LiveDesign LiveBlog


(Originally posted June 28)

I've decided that trying to say goodnight early in this industry is fruitless, and by early, I mean 11:30pm. But when you start making the rounds to bid everyone adieu at that time, you suddenly find yourself chatting another two hours.

But starting at the end of the night isn't very helpful here, is it? Last night was the Barco event at Philadelphia's Comcast Center, where the largest indoor LED screen (and a pretty high res one at that—7,000 Barco NX-4 modules and 10 million pixels, to be exact) is the center of attention in the building's lobby. At 83' x 25', it's sort of hard to miss.


You really have to see this. It's a fantastic example of art and technology creating a stunning work of public art, and that's just what it's meant to be—no Comcast logos or branding in sight. In fact, it's called The Comcast Experience, a name that probably does it a tad more justice than "the screen." The content (which can loop unique combinations for up to two years, courtesy of the programming of Alan Anderson of Medialon) was created by David Niles of Niles Creative, who consulted on the project from its early stages and shot all the content in his New York studio.


The wall looks like wood paneling to match the rest of the lobby (and it really does look like wood paneling, not like a screen). Then, dare I say, out of the woodwork comes content (everything from a piano virtuoso filmed at various angles taking up the entire screen, to almost 1:1 scale people climbing the walls, to a Van Gogh painting that appears to seep out of the wall for its reveal). What struck me most about the presentation is that the content looks incredibly three dimensional, like nothing I've ever seen before. You can say I don't get out much, but you really do have to see this. It has a 30% higher resolution than IMAX.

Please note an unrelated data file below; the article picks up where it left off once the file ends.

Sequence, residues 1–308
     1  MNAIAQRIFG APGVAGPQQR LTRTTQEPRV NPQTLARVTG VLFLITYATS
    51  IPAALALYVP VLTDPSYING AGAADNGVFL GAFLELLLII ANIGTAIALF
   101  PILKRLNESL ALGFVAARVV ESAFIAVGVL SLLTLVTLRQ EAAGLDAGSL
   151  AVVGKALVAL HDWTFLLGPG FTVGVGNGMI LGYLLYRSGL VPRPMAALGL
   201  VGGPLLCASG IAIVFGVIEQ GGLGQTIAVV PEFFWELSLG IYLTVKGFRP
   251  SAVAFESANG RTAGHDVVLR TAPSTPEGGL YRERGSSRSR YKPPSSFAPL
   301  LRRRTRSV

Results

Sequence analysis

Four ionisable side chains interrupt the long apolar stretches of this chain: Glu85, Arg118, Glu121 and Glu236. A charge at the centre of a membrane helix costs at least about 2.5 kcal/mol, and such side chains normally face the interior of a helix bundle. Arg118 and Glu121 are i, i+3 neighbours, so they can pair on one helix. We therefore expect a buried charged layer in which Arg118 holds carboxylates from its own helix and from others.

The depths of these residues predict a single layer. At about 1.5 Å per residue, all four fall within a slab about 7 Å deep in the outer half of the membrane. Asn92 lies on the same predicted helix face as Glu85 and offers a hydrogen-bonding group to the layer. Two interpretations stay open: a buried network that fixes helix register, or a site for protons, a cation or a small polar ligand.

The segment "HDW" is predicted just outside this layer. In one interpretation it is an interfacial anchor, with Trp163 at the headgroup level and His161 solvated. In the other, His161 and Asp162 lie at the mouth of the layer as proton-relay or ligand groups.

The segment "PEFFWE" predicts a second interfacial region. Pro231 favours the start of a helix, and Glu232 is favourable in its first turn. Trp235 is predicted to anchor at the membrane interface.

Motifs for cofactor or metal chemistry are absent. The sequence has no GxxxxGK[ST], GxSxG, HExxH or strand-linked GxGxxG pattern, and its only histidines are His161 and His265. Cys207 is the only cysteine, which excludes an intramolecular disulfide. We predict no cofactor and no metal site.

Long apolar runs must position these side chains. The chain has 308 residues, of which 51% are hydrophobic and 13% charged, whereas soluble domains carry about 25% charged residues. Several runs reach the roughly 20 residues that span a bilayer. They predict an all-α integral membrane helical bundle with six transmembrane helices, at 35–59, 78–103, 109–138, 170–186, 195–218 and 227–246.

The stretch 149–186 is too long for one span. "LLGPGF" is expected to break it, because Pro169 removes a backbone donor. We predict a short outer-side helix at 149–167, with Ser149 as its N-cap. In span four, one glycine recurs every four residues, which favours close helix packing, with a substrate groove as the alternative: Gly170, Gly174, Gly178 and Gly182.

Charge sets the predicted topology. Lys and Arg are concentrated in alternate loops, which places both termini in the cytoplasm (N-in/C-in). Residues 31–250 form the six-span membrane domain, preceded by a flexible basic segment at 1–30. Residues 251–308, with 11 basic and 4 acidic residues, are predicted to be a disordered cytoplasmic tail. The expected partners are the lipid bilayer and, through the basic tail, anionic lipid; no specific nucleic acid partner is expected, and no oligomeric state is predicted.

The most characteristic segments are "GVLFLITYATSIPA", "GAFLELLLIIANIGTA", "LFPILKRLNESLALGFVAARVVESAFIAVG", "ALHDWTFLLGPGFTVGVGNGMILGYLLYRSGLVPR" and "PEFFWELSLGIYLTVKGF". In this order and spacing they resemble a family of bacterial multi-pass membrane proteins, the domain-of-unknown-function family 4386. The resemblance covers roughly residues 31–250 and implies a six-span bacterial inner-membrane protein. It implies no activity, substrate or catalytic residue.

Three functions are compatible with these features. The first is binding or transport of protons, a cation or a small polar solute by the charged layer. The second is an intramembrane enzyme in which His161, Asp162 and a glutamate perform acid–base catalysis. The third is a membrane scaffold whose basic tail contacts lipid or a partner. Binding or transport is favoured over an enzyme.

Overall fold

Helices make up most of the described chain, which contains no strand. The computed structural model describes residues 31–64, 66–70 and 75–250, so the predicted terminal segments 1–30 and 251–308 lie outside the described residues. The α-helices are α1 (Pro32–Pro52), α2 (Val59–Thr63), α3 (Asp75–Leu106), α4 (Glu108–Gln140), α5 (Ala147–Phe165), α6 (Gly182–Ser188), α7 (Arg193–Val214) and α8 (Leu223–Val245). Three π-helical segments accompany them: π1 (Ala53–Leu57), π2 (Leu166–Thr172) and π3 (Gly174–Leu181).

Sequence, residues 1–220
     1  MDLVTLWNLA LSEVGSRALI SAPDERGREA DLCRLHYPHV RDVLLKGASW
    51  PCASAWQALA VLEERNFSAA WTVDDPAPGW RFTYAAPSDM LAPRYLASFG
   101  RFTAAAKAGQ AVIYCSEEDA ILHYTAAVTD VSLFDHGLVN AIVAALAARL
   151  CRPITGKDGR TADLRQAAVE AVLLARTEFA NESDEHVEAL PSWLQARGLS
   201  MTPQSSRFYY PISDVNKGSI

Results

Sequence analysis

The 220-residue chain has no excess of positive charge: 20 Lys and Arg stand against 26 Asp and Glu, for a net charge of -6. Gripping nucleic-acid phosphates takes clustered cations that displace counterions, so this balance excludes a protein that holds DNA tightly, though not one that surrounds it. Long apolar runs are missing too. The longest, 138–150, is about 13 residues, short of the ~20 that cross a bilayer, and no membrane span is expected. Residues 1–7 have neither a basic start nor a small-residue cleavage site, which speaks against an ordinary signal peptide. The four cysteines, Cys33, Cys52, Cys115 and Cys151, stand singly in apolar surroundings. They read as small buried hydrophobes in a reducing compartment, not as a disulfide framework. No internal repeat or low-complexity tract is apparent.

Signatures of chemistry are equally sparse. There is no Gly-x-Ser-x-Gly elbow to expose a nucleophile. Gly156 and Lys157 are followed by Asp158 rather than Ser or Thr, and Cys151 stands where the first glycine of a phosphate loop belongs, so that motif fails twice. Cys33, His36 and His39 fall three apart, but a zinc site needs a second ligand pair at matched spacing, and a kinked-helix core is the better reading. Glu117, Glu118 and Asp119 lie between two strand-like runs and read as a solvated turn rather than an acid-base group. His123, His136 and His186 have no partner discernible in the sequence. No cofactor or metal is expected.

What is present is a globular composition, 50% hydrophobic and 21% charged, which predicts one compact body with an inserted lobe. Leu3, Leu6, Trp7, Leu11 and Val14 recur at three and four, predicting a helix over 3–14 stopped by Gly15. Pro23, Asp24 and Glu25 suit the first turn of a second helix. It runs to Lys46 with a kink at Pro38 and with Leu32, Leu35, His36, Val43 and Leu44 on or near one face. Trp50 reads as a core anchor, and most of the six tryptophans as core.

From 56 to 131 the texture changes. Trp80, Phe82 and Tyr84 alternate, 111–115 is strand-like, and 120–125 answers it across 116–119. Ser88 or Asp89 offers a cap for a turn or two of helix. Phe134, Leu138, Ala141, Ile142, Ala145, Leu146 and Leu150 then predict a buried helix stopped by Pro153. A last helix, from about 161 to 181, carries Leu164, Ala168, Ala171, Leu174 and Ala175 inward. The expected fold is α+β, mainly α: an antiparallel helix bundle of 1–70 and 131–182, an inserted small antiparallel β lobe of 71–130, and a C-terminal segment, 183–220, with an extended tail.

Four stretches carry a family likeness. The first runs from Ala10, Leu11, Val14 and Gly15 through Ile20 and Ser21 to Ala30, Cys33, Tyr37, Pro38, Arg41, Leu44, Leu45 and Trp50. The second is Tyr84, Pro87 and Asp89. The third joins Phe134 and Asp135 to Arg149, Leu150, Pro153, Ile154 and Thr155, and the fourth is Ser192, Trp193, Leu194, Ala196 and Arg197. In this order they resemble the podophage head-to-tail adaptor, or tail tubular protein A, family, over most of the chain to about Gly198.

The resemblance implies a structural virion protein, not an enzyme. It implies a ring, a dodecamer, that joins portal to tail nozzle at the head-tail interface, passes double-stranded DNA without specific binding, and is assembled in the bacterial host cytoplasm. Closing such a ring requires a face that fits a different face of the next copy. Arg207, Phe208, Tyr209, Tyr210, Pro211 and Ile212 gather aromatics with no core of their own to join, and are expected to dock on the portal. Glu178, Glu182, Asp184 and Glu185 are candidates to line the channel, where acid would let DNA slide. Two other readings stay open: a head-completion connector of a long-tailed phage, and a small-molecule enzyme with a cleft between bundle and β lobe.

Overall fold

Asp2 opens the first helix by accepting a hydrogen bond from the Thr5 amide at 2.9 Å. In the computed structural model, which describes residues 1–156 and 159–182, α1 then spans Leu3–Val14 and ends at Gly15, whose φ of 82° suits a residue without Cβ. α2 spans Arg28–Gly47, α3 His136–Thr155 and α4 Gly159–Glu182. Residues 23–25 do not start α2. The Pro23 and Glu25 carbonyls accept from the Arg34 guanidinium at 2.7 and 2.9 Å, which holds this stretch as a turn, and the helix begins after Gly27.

Dana Cory from Barco did a great job hosting the event, and I had a lovely dinner with Serge Nalbantian of Liberty Property Trust (partner of Comcast in this project), Laird Nolan from MIT, and Ken Romaine of Barco, followed by a tour of the control room with Alex Carru from Medialon and Guy Russel from Barco.

The project is actually on the cover of The Philadelphia Inquirer this morning, but nothing in print or on screen will do this thing justice.

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